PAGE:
Following the fatal crash of Jules Bianchi at the 2014 Japanese Grand Prix, Formula One developed and introduced a new virtual safety car system the next racing season, which slows drivers down during a caution without the need of a physical pace car on the track. This video from Chain Bear F1 on YouTube explains how the virtual safety car system works in Formula One:
As the name would suggest, the virtual safety car is not a real car. Instead, it’s a lap time determined by the FIA for each individual race track that racers have to follow under caution, similar to how a real safety car would control the speed of the drivers on a track.
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The virtual safety car lap time is roughly 30 percent slower than what the FIA considers a standard racing lap. The video’s example shows the virtual safety car’s lap time for the Albert Park Circuit is 1:54:00, which is about a third slower than what’s considered the standard racing lap time of 1:28:00.
In order to maintain the gaps between drivers, though, the virtual safety car forces a 30 percent speed reduction through each section of the track, and not just overall. The sections are determined by marshaling sectors, with 20 marshaling posts dividing up the sectors.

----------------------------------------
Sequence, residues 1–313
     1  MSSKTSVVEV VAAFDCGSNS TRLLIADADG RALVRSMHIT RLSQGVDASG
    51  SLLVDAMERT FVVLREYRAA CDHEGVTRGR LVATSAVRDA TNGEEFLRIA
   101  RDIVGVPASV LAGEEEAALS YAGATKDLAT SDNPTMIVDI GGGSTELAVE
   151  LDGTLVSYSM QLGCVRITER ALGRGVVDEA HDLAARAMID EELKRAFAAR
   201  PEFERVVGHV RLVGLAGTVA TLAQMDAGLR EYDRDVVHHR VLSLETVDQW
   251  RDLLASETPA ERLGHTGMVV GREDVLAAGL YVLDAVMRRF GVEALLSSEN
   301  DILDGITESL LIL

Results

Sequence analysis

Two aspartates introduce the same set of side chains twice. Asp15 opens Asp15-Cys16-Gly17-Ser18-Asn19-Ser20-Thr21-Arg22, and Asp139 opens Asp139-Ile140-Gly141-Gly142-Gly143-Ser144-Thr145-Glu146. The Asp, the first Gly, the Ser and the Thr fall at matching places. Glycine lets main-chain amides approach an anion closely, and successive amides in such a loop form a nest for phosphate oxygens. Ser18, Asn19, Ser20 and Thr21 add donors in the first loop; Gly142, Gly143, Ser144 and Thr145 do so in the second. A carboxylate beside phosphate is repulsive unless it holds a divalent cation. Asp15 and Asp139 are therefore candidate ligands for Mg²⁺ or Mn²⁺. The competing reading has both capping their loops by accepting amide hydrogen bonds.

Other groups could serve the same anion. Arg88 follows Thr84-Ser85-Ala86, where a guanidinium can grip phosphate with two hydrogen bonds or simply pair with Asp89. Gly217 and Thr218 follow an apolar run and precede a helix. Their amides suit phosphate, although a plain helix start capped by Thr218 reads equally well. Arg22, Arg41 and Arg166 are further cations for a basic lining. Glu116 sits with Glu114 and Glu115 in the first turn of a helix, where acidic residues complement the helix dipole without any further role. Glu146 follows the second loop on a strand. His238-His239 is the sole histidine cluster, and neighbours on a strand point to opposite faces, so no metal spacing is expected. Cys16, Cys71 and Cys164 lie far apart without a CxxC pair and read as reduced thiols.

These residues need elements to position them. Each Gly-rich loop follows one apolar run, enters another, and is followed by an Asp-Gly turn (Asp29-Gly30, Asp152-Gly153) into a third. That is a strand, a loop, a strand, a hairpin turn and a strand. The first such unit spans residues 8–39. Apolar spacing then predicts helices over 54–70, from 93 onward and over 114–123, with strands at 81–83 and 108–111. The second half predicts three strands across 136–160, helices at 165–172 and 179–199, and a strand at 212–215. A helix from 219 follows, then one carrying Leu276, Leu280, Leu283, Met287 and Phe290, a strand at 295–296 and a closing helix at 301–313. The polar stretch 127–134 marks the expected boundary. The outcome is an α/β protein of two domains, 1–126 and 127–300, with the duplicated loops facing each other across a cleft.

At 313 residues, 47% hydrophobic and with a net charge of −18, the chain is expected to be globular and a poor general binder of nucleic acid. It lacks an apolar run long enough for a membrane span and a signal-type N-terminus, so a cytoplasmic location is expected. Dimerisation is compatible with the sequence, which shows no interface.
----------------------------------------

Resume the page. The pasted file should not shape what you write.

Driver times are measured in these sectors every 50 meters, and the driver is informed how far ahead or behind the virtual safety car’s time they are so they can make the appropriate adjustments.
Drivers have to make sure they are slower than the virtual safety car at least once in each sector, and staying as close to the virtual safety car’s lap time is obviously ideal for avoiding any loss of racing position once the caution lifts.
Drivers have to be behind the virtual safety car’s time when the race goes green again, and are given a 10-to-15 second warning that the race is about to resume. If the driver fails to be slower than the safety car in any of the sectors, or before the race resumes, they get penalized.
The virtual safety car is beneficial because it can slow the field of cars down immediately, it can be used to maintain the gaps between the cars in the race without the need for the cars to bunch up, and it can last as long as needed without any potentially dangerous transitional moments with a physical safety car entering or exiting the field.
It’s a smart system for ensuring fellow drivers, medical staff and clean up crews are better protected, while not jeopardizing the positions of the drivers and having a major potential influence on the outcome of the race.